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Empty Nester

Marriage requirements for two UK nationals - are they serious?

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My fiancé and I went to Bang Rak district office to complete what we believed to be the final administrative stage of getting married - we had followed all posted guidelines and recommendations and acquired affirmations of freedom to marry from the British Embassy - had all relevant documents officially translated and legalised at the Dept of Foreign Affairs and thought the final stage was registration at the Amphur. Apparently not. We had to submit documents and now wait up to 6 weeks while who knows who looks at the legalised and translated documents - in addition to the registrar we saw today - and I’ve been told I have to have a certification from a doctor to say I’m not pregnant?! Is this an April Fool? This was not mentioned on any posts from anyone else in the same position. Why is it made so hard for two nationals of another country to get married here? 

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21 minutes ago, Empty Nester said:

and I’ve been told I have to have a certification from a doctor to say I’m not pregnant?!

 

baby.gif

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24 minutes ago, Empty Nester said:

Why is it made so hard for two nationals of another country to get married here?

Because, in reality it is much easier to marry in your home country. Why in the world complicate everything by getting married in a foreign country?

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45 minutes ago, Matzzon said:

Because, in reality it is much easier to marry in your home country. Why in the world complicate everything by getting married in a foreign country?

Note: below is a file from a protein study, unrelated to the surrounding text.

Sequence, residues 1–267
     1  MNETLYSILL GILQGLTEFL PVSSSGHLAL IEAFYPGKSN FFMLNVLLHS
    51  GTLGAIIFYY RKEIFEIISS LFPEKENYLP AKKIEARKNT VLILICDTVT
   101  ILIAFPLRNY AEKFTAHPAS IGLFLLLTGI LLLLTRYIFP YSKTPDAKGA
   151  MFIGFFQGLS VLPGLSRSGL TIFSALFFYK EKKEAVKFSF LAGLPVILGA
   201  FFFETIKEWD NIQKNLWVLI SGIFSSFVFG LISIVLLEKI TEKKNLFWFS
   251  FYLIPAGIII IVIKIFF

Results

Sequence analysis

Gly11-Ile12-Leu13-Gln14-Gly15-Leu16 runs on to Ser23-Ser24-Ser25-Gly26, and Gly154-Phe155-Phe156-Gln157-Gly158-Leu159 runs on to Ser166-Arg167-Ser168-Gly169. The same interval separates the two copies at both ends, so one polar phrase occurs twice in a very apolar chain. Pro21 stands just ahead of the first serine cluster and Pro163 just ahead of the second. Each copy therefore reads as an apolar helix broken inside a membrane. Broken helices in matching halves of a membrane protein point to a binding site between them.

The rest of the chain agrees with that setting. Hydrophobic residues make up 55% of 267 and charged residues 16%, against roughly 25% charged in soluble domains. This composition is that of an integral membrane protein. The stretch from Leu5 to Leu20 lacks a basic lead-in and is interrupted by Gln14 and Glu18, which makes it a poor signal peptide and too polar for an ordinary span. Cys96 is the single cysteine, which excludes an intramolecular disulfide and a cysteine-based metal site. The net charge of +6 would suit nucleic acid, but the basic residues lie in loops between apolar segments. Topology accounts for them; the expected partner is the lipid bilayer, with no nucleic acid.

So that you don't have to pay for people who you don't want to invite but have to out of courtesy.

Edited by thisisrascal

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I don't think there's any such thing as an 'anchor baby' recognized in Thai immigration law. So maybe some jobsworth who, despite working at Bang Rak which is still probably the busiest amphur for registering marriages in the country, has never had to deal with two foreigners wishing to register their marriage here so they're making it up as they go along.

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28 minutes ago, NanLaew said:

I don't think there's any such thing as an 'anchor baby' recognized in Thai immigration law.

I was curious, so I looked it up. Yeah, you're right. Apparently, "jus sanguinis" (right of the blood) applies, so nationality of the child is dependent on the nationality of the parents, not place of birth. There is an exception for two permanent residents but I would imagine cases where that arises are extremely rare.

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I guess you divorced within the last 310 (?) days. In that case it is mandatory bij law, simply to protect the rights of the father of the child should you indeed be pregnant as the child would otherwise not be legally his child but of your new husband.

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12 hours ago, Empty Nester said:

My fiancé and I went to Bang Rak district office to complete what we believed to be the final administrative stage of getting married - we had followed all posted guidelines and recommendations and acquired affirmations of freedom to marry from the British Embassy - had all relevant documents officially translated and legalised at the Dept of Foreign Affairs and thought the final stage was registration at the Amphur. Apparently not. We had to submit documents and now wait up to 6 weeks while who knows who looks at the legalised and translated documents - in addition to the registrar we saw today - and I’ve been told I have to have a certification from a doctor to say I’m not pregnant?! Is this an April Fool? This was not mentioned on any posts from anyone else in the same position. Why is it made so hard for two nationals of another country to get married here? 

Should have just tried another Amphur office, they all have their own rules.

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